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Re N-S (Children) [2017] EWCA Civ 1121

Appeal, in care proceedings concerning seven children, essentially, raising two related questions: (i) what is the extent of a judge's responsibility to provide reasons in support of orders made at the conclusion of public law children proceedings; and (ii) where there has been a failure to give reasons, but there can be no challenge on appeal to the substantive orders made, what steps, if any, should the appellate court take to redress the lack of adequate reasons.

First instance
HHJ Wilding determined applications made by the local authority ('LA') in relation to seven of eight children (ranging from 16 years to nine months) born to their mother. The appellant is the father of the younger four children, who were the subject of this appeal. Threshold was agreed and the parents accepted the care plans for the oldest three children, leaving the primary dispute as the care arrangements for the youngest four children. The parents sought for the children to return to their care. The LA, supported by the Guardian, sought care and placement orders.

After hearing evidence over nine days, HHJ Wilding issued a draft judgment. Counsel for the LA, in two emails, made a substantial observation in relation to the judgment and invited the judge to set out (i) his reasons for rejecting the parents' submission that there was a gap in the evidence, (ii) his conclusions/reasoning as to why the court did not accept the parents' position and had chosen adoption for the youngest four children, and (iii) what it considered to be the realistic options and the 'Re BS' factors. Counsel for the Guardian confirmed she agreed with the LA's requests. A revised draft judgment was then issued. Two new paragraphs were added setting out the judge's conclusions for rejecting the parents as carers, but no change was made to introduce an account of the judge's reasoning in support of adoption.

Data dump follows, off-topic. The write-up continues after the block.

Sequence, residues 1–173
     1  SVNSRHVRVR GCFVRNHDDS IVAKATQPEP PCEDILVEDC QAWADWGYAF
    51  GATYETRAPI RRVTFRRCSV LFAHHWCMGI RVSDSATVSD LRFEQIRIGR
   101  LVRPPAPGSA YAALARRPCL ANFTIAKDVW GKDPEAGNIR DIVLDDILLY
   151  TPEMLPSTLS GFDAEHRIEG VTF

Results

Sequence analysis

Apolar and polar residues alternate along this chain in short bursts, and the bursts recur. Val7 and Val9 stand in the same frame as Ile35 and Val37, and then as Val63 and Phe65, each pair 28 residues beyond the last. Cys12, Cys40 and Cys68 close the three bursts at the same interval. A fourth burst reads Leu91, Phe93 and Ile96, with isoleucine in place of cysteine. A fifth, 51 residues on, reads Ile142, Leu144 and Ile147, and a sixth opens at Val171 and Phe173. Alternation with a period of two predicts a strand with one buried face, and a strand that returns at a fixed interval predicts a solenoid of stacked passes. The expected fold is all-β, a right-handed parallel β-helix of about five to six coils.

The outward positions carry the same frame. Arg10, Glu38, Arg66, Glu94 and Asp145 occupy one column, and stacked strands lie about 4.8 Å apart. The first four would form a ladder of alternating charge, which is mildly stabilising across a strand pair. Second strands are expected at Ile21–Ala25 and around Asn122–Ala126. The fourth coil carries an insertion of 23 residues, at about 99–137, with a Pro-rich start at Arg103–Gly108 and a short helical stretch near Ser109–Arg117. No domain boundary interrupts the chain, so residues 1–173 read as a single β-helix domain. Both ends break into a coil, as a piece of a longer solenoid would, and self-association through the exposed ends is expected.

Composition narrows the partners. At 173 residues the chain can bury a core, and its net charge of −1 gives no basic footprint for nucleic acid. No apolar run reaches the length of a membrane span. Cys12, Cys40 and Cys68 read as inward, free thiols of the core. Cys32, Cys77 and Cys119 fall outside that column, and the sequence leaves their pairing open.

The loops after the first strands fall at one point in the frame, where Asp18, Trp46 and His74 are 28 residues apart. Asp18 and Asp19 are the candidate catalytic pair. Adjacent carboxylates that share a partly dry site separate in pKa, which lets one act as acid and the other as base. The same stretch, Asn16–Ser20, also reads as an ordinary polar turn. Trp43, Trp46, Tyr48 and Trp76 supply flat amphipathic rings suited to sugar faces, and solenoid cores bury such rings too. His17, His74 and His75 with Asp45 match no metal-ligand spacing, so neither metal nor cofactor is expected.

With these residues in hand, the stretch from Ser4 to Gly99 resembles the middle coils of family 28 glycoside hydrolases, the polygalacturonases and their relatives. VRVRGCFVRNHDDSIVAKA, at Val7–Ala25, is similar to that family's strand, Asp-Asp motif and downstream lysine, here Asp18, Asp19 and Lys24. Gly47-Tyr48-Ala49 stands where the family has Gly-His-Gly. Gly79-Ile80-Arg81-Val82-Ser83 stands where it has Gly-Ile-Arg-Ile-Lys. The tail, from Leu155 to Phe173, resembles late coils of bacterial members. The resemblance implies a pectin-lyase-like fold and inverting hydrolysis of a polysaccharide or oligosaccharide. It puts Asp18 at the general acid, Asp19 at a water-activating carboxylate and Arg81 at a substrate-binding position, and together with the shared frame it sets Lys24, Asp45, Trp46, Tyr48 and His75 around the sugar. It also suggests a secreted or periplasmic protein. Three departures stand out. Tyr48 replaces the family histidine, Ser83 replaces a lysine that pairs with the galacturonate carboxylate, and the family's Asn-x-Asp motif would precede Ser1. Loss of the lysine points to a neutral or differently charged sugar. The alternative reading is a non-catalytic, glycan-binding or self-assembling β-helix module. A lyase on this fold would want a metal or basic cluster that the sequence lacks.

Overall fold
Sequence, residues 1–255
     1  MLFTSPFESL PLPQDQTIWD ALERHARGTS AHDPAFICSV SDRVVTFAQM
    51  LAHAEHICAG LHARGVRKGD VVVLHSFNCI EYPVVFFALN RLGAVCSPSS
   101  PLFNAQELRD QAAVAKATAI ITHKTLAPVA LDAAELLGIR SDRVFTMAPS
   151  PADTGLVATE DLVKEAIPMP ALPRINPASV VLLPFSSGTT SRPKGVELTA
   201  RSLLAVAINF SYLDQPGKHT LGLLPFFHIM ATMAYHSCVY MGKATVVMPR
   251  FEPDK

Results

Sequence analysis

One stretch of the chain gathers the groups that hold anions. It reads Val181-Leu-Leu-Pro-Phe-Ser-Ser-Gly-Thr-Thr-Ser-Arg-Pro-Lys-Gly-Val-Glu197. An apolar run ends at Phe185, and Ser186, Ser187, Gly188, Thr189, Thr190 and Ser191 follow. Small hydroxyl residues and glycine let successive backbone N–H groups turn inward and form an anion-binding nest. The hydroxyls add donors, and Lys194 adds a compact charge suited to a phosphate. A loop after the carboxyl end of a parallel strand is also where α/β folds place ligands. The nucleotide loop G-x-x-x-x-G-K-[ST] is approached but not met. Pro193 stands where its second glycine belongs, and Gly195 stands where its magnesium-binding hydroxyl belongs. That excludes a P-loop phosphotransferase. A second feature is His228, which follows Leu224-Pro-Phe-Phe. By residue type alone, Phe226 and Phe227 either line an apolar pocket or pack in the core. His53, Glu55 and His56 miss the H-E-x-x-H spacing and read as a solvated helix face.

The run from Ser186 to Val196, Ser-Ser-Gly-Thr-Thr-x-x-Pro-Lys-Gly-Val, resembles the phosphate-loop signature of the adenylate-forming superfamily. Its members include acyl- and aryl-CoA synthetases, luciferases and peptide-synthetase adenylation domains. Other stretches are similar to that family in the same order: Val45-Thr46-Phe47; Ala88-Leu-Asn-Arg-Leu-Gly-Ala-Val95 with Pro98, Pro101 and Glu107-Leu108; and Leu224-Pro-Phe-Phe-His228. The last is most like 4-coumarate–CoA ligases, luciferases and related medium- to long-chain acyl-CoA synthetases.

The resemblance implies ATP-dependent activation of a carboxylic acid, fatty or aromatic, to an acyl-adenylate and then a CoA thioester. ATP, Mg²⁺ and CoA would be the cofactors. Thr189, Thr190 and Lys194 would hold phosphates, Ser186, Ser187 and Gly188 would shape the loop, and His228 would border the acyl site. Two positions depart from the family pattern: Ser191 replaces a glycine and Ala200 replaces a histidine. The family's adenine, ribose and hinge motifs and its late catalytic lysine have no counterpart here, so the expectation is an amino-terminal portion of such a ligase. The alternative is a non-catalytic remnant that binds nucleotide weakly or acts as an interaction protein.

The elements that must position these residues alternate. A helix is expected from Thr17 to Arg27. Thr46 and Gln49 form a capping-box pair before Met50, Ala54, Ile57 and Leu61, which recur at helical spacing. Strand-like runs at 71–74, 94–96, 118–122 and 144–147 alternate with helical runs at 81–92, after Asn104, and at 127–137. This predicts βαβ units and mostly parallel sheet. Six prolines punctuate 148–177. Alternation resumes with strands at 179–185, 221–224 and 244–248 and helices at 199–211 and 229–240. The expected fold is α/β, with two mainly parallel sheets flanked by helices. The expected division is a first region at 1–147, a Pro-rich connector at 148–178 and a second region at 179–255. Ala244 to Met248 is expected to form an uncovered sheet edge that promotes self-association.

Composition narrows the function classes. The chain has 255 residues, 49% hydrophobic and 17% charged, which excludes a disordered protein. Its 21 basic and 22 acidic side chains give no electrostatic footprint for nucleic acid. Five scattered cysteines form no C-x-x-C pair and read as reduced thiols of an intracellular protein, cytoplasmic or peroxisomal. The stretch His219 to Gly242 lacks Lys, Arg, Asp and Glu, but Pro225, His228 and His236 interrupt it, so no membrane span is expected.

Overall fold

At the 'hand down' hearing on 13 January 2017, the judge gave a short ex-tempore summary of his conclusions and circulated his written judgment. The judge concluded that (i) the children needed better than good enough care, (ii) the parents could not provide that care, and (iii) care and placements orders should be made in relation to the children. The judge did not use the opportunity of the short oral judgment to meet the deficit in his reasoning that had been identified. Refusing the father's application for permission to appeal, the judge referred to his reliance upon Guardian's and other professionals' analyses as to adoption.